San Francisco’s approach is the model for a new math framework proposed by the California Department of Education that has been adopted for K-12 education statewide. Like the San Francisco model, the state framework seeks to alter the traditional pathway that has guided college-bound students for generations, including by encouraging middle schools to drop Algebra (the decision to implement the recommendations is made by individual school districts). This new framework has been received with some controversy. Yesterday, a group of university professors wrote an open letter on K-12 mathematics, which specifically cites the new California Mathematics Framework. “We fully agree that mathematics education ‘should not be a gatekeeper but a launchpad,’” the professors write. “However, we are deeply concerned about the unintended consequences of recent well-intentioned approaches to reform mathematics, particularly the California Mathematics Framework.” Frameworks like the CMF aim to “reduce achievement gaps by limiting the availability of advanced mathematical courses to middle schoolers and beginning high schoolers,” the professors continued.
A lack of transparency and openness of the proceedings, or barriers to participation, such as prohibitive membership fees, will impede participation and reduce trust in the process. These challenges are particularly felt by participants from low- and middle-income countries (LICs and LMICs), whose financial resources and technical capacity are usually not on par with those of higher-income countries. These challenges affect both the participatory nature of the process itself and the inclusiveness and quality of the outcome. Even where a level playing field exists, the effectiveness of the process can be limited if decision makers do not incorporate input from other stakeholders. Notwithstanding the challenges, multistakeholder data governance is an essential component of the “trust framework” that strengthens the social contract for data. In practice, this will require supporting the development of diverse forums—formal or informal, digital or analog—to foster engagement on key data governance policies, rules, and standards, and the allocation of funds and technical assistance by governments and nongovernmental actors to support the effective participation of LMICs and underrepresented groups.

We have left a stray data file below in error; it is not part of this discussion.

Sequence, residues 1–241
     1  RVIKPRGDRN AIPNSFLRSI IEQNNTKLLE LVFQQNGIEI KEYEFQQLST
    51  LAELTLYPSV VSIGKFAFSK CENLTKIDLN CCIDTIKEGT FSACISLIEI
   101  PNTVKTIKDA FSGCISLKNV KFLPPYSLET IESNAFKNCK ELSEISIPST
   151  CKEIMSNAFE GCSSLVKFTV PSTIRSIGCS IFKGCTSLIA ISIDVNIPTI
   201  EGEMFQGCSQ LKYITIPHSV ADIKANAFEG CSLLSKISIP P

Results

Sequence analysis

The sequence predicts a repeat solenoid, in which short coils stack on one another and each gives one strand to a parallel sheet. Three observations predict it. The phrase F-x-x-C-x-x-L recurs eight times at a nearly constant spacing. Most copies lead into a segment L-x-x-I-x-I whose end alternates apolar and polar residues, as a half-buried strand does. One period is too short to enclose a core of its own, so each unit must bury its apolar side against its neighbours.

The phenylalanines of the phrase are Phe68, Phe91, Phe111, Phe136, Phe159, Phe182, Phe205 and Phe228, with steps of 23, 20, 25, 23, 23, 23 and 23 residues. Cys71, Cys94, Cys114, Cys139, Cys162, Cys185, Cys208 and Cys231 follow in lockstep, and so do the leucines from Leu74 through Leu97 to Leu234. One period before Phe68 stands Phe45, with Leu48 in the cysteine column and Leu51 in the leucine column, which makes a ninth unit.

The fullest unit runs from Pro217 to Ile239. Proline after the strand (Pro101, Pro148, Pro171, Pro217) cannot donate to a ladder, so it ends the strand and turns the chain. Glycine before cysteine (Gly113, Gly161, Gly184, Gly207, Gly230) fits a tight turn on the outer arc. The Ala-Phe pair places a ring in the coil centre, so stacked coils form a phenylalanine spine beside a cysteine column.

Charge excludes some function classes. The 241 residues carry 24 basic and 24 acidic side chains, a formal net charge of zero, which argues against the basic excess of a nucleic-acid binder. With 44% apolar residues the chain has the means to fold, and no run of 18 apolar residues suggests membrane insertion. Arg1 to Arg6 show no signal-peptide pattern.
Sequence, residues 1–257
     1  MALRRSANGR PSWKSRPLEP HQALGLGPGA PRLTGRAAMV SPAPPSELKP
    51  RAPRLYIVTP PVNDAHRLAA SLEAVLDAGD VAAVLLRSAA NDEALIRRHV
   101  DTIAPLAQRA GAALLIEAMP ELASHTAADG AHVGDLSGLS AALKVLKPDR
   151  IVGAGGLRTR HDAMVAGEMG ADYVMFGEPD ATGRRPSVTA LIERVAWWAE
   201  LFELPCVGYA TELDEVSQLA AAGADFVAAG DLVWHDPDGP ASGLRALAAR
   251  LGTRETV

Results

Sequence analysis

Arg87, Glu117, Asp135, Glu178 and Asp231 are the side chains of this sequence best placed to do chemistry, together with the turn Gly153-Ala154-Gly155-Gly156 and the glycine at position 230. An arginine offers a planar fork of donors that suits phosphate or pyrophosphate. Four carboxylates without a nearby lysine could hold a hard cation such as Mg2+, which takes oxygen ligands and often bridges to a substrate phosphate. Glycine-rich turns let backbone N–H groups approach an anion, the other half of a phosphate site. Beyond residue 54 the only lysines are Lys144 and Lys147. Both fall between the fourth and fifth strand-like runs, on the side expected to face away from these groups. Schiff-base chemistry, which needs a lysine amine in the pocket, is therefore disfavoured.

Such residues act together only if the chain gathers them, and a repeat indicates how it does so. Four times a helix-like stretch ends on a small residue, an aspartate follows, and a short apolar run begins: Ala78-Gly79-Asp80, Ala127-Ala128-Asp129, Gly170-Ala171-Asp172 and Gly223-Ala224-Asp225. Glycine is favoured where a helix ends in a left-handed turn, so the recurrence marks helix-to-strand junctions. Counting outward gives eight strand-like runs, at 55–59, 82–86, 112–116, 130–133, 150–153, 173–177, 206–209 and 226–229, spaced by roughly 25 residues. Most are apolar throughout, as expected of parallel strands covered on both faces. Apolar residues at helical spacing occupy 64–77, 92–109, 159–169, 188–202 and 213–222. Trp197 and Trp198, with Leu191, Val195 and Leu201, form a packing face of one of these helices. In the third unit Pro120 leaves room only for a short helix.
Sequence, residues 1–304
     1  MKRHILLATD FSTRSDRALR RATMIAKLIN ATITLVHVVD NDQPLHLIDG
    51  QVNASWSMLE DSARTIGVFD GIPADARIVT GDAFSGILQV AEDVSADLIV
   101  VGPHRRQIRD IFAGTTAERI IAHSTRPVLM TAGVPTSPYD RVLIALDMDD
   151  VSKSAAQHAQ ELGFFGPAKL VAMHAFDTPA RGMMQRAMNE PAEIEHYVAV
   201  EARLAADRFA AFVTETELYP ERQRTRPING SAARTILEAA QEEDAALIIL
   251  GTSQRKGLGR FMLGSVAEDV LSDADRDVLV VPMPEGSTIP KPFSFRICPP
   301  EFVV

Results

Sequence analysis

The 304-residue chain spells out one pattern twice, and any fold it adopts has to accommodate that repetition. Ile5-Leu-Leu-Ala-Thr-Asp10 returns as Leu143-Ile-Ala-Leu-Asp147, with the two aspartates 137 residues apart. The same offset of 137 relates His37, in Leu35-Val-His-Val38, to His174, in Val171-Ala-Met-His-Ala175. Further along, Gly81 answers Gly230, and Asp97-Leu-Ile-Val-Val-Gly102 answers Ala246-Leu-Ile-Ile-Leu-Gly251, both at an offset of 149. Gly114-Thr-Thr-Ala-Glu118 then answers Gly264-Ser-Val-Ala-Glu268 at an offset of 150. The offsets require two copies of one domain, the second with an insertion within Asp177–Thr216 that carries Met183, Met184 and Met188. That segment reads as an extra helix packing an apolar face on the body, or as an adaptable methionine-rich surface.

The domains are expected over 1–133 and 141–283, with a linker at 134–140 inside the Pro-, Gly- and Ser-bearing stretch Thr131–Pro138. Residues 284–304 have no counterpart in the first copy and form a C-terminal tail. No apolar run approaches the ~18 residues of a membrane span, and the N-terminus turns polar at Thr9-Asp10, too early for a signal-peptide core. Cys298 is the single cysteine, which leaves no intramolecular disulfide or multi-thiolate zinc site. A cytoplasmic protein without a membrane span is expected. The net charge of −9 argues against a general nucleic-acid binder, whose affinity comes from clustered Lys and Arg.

Strategy is an evolving process, with regular adjustments expected as progress is measured against desired goals over longer timeframes. “There’s always an element of uncertainty about the future,” Levy said, “so strategy is more about a set of options or strategic choices, rather than a fixed plan.” It’s common for companies to re-evaluate and adjust accordingly as business goals evolve and systems or tools change. Before building a strategy, people often assume that they must have vision statements or mission statements, a SWOT analysis, or goals and objectives. These are good to have, he said, but in most instances, they are only available after the strategy analysis is completed. “When people establish their Data Strategies, it’s typically to address limitations they have and the goals that they want. Your strategy, once established, should be able to answer these questions.” But again, Levy said, it’s after the strategy is developed, not prior. Although it can be difficult to understand the purpose of a Data Strategy, he said, it’s critically important to clearly identify goals and know how to communicate them to the intended audience.